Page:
When it comes to money, men really are from Mars and women from Venus, according to an expert panel at the Council for Economic Education. The one thing they have in common: Neither is particularly astute when it comes to managing their finances.
Women tend be slow to act where money is concerned, and they place utmost value on working with an adviser they trust, says Ann Kaplan, a partner at Circle Wealth Management. Men, by contrast, tend to make snap decisions and will work with anyone they believe can earn a higher return.
These predilections reflect the financial confidence levels of the sexes, which are strikingly consistent across different nations, according to research from panelist Annamaria Lusardi, a professor at the George Washington University School of Business and director of the Financial Literacy Center. You might think, then, that the two effectively balance out in most households. The problem, says Lusardi, is that both men and women score failing marks in financial literacy testing.
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Women know what they don’t know and sit on their hands as a result; men, meanwhile, are prone to guessing, says Lusardi. Unfortunately, those shortcomings don’t really “balance” each other out. In her view, women are better suited to manage personal financial issues—if only they’d get enough formal financial education to gain confidence. From Lusardi’s paper:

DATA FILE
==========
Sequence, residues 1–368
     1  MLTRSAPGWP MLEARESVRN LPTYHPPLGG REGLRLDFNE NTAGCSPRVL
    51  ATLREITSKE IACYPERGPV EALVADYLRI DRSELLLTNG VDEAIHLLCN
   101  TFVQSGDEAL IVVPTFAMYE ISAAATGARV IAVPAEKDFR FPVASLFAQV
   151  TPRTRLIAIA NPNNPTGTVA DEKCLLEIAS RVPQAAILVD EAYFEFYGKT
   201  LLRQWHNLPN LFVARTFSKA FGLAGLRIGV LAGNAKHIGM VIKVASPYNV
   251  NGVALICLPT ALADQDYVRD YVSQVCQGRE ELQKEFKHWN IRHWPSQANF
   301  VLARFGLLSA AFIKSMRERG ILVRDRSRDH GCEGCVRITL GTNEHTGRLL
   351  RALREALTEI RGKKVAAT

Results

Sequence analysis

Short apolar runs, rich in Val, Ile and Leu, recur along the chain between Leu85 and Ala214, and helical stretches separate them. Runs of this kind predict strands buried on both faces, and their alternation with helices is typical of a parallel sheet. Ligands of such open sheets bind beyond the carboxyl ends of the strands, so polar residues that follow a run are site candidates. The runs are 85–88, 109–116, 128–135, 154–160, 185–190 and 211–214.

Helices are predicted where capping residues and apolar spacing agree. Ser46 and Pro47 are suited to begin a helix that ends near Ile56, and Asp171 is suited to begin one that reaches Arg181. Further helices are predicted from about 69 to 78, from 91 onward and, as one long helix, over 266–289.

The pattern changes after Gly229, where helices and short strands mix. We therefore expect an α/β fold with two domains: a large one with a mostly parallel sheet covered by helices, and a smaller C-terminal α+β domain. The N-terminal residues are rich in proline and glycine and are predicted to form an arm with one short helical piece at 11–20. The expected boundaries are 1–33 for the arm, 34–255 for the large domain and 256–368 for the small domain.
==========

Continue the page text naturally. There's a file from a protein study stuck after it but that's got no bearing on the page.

“Women are not only less likely to answer the financial literacy questions correctly, but they are more likely to state that they do not know the answers, compared to men. This is a systematic and persistent difference in financial literacy between men and women.”
According to the panel, a higher level of general education and higher incomes go hand-in-hand with greater understanding of financial concepts. So does age — before 65, at least, when financial prowess starts to erode. Yet even the well educated demonstrate a woeful lack of knowledge of personal finance issues. In testing, for example, many don’t know that a mutual fund is a safer investment than an individual stock or that if inflation rises faster than investment returns you lose buying power.
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According to Lusardi’s research:
- Financial illiteracy is widespread, even when financial markets are well developed, as in Germany, the Netherlands, Sweden, Italy, Japan, and New Zealand, or when they are changing rapidly, as in Russia. Low levels of financial literacy are not specific to any country or stage of economic development. Both sexes struggle with money concepts.
- Direct experience is the best teacher, so in inflation-touched Italy they better understand the effect rising prices have on their buying power; while in Japan, which has had bouts of deflation, fewer answer inflation questions correctly. Likewise, if a country has experienced pension privatization, as in Sweden, they better understand risk diversification. In contrast, Russians and East Germans know less about diversification, having had less exposure to the stock market.
This last point seems to give men a leg up, as they traditionally have had the most experience managing household finances. Not that they’ve managed them well, by and large. But someone has to make a decision.